Planning for the Cost of Your Treatment

Autor: Christina Bach, MBE, MSW, LCSW, OSW-C
Fecha de la última revisión: February 28, 2024

Cancer treatment is not cheap. Even with health insurance, you will have out-of-pocket expenses for your care. It’s important to have some idea at the beginning of treatment, and any time treatment changes, what those costs might look like.

1. Understand how your health insurance works.

You need to know what your deductible, co-insurance, co-pay, and maximum out-of-pocket amounts are. Use our My Insurance Information Tool to gather these materials. Also, be sure to check your plan carefully for specific coverage information about chemotherapy and radiation.

2. Ask your healthcare provider for an estimate of the cost of each regimen of treatment you will be receiving.

Warning: this can be very difficult for many providers, as they often don’t know how to get this information. That is ok. Ask to speak with a financial counselor, navigator, or precertification coordinator BEFORE you start treatment. You may want to bring a copy of your treatment plan, including the doses of medications (chemotherapy) you will be receiving. This will help the navigator estimate costs.

3. Look at your budget.

Can you cover your estimated out-of-pocket expenses? Think about your plans to work during treatment. If you will be taking time off, do you have short/long term disability? How much of a change will there be to your income? Will your caregiver also be taking time away from work?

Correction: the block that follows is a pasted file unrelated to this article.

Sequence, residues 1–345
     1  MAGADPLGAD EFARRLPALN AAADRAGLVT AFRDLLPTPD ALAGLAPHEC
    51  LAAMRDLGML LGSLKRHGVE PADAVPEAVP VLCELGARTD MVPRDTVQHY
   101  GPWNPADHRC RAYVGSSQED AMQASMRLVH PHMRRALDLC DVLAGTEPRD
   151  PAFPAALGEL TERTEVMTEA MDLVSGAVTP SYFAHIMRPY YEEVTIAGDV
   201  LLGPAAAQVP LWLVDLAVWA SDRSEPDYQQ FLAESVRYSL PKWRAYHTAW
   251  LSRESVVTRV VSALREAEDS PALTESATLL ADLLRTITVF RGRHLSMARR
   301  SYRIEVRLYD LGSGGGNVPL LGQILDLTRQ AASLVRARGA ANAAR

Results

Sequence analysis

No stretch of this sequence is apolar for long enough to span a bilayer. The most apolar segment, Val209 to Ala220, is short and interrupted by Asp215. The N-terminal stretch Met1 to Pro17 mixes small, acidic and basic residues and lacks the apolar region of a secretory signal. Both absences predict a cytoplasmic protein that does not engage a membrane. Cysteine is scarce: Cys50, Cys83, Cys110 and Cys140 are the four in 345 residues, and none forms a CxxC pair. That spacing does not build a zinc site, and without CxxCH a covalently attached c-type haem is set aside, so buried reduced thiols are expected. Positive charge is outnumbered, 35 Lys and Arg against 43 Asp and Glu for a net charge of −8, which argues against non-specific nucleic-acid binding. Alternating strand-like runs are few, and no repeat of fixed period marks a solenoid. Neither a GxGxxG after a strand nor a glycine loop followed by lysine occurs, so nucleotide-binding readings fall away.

4. Don’t forget about your prescription, vision, and dental coverage.

Many cancer medications are given by pill and are covered by your pharmacy plan. Be sure you understand your potential costs for medications before you go to the pharmacy. The pharmacy may process things incorrectly and if you aren’t aware of potential costs, you may pay a bill you shouldn’t.

Many patients also need dental work before/after treatment. It is important to know if you have coverage for dental procedures through your dental plan and/or through your health insurance plans. Tip: some oral surgeries are covered by one but not the other.

Some cancer treatments can impact your vision. It’s important to also plan for routine vision care and corrective lenses while going through cancer treatment.

5. Don’t forget about the cost of parking, lodging, meals, wigs/head coverings, nutritional supplements, and child care.

These can add up with multiple visits to your cancer treatment center. Financial assistance to help offset these costs may be available through your treatment center and local cancer service organizations. Ask your social worker for referrals to help manage these costs.

Help is Available

Is there a gap between your budget and the costs of your care? Then it’s time to think about options to help pay your medical bills. These include:

  • Apply for co-pay assistance.
  • Ask if your institution offers charity care or discounted care for individuals who are underinsured. Many health care institutions offer these programs. They are need-based, so you must demonstrate that your income and resources are low enough that your medical bills even with insurance are not manageable.
  • Negotiate a payment plan:
    • Many providers/health systems are willing to negotiate a payment plan. It never hurts to ask. Call the billing department or patient accounting.
  • A viatical or life insurance loan.
  • Fundraising.
  • Apply for Medicaid.
  • Personal loans.

It’s important to get as much information about your insurance coverage, the estimated costs of your treatment, and other costs you may have during the course of treatment as soon as possible. This can help you and your family with budget planning, help identify gaps where you may need help, and get you linked with assistance early. Don’t be afraid or ashamed to ask for help with financial challenges. You may be surprised to know that assistance is out there.

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